To dispose of a debate, let us stipulate from the beginning that the idea that a man must somehow be equal or "better" than the woman in a relationship is wholly and completely a social construct. However, I do wish to argue that this construct actually exists (rightly or wrongly) and that almost all of even the most fierce of women's rights crusaders have subconsciously internalized it. I look around me and I see women with incredible intelligence. Virtually all of them (though not all) are either single or married to men who are at least their intellectual equals. I meet women who are fabulously successful or well-to-do. Again, they tend to be single or married to men who are just as successful. Maureen Dowd of the New York Times wrote once about the difficulties of her love life because she claimed men were intimidated by her great success and intelligence. Reading this, I thought she had missed some important points. 1) She was almost certainly restricting her efforts, consciously or unconsciously, to men who were just as successful as she was, thereby dramatically shrinking the pool of men she could choose from. 2) Because higher status males are more attractive to her, she thought her high status would make her more attractive to men. In reality though, it's not that men are intimidated by high status women so much as they don't, in general, really care how much status a woman has. There are a few male "gold diggers" here and there, but they are rare. I have of course seen relationships between stronger women and weaker men, but for the most part the women always seem to be dripping with contempt for their partner and I'd never bet on such a relationship lasting. (Of course this can happen the other way, but I think it's at least somewhat rarer. I think some of the fiercer feminists project that attitude onto men and assume that men in male-led relationships are just as contemptuous of their partners, but I just don't think that's necessarily true.)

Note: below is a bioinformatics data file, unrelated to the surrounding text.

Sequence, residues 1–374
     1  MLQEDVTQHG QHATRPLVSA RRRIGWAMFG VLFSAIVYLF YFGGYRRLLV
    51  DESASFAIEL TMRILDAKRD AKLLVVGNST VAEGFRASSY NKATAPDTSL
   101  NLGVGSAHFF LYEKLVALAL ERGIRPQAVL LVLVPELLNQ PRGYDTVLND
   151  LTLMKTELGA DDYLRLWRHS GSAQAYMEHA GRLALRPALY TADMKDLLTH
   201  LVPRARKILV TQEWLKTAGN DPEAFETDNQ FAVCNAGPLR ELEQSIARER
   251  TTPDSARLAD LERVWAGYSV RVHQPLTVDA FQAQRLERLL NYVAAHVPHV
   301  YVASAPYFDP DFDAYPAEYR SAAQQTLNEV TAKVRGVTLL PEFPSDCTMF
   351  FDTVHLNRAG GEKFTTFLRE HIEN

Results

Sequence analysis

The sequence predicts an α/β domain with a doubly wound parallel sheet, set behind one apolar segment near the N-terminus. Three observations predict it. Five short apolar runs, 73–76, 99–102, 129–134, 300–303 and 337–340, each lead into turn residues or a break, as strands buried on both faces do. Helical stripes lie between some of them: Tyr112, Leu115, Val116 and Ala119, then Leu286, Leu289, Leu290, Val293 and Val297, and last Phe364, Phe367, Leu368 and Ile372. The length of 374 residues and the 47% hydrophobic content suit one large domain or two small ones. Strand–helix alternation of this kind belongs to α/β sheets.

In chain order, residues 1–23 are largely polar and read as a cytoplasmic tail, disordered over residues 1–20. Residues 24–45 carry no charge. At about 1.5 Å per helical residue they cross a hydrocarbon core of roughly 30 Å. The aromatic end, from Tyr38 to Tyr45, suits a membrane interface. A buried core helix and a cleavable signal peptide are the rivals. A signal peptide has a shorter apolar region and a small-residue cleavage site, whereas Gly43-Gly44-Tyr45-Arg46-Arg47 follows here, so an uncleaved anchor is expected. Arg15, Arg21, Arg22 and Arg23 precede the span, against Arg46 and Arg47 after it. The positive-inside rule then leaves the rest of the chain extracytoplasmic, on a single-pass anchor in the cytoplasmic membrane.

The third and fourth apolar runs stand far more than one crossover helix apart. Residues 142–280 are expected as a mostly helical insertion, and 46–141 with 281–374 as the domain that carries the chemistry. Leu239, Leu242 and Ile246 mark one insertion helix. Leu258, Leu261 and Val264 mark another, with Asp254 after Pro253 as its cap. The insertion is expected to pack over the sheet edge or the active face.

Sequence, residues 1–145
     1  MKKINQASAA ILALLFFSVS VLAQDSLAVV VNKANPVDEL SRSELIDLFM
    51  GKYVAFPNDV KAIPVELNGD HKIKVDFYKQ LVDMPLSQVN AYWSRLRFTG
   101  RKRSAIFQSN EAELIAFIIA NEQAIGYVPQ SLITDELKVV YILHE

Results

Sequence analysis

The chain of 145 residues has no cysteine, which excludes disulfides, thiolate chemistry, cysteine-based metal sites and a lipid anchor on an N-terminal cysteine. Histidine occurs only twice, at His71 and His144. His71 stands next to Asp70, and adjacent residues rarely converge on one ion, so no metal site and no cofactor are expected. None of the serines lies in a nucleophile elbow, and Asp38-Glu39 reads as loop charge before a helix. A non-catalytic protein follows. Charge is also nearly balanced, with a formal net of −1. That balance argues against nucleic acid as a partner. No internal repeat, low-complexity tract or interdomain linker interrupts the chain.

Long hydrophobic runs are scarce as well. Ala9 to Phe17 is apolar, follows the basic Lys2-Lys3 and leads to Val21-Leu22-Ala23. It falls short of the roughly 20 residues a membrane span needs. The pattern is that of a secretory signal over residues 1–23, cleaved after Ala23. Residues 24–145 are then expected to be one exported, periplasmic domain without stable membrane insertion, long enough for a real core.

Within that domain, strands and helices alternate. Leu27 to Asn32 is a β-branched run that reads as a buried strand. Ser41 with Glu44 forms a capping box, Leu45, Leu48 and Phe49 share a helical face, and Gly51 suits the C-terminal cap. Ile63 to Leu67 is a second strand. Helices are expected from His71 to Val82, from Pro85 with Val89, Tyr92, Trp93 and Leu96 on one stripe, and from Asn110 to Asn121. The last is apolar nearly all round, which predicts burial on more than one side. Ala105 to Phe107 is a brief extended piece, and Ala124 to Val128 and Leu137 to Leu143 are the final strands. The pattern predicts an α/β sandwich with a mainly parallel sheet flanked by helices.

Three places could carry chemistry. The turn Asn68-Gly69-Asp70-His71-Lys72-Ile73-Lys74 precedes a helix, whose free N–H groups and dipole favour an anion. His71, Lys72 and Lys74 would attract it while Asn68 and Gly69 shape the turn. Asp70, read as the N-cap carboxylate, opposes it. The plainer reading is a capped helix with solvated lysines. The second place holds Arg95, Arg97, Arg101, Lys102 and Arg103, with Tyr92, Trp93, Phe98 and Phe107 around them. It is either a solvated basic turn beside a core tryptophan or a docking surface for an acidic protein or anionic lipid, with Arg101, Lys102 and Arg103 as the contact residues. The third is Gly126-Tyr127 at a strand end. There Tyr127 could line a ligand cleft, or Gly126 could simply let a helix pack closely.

To get back to the fiction, I was never going to buy a relationship between Wonder Woman and Steve Trevor. The only way they could fool me into thinking it was possible at all was by turning Lynda Carter into her mousy alter-ego Diana Prince (who would gaze at Steve with hero-worship in her eyes). As soon as Steve got knocked out by the bad guys and had to be rescued by Wonder Woman, it all fell apart. Again, I freely stipulate that this is because I have internalized certain sexist cliches and I'm not arguing in any way that these are true or good or right. I'm just arguing that almost all of the audience (including most of the women, I believe) have internalized them as well. These aren't, I will argue, intellectual responses; they're just irrational emotional ones. We can all accept a relationship of equals with no problem, but have difficulty accepting a relationship between a woman and a man who is clearly her inferior and in heroine fiction, the love interest will always be her inferior (or else he will come to dominate the show). The one love story in the shows I mentioned which seems to have caught fire with fans was Buffy-Angel and Joss Whedon had to invent a 200 year-old vampire who would occasionally be the antagonist in order to make it work. (Even then, it really didn't, in my opinion, but some people do disagree.)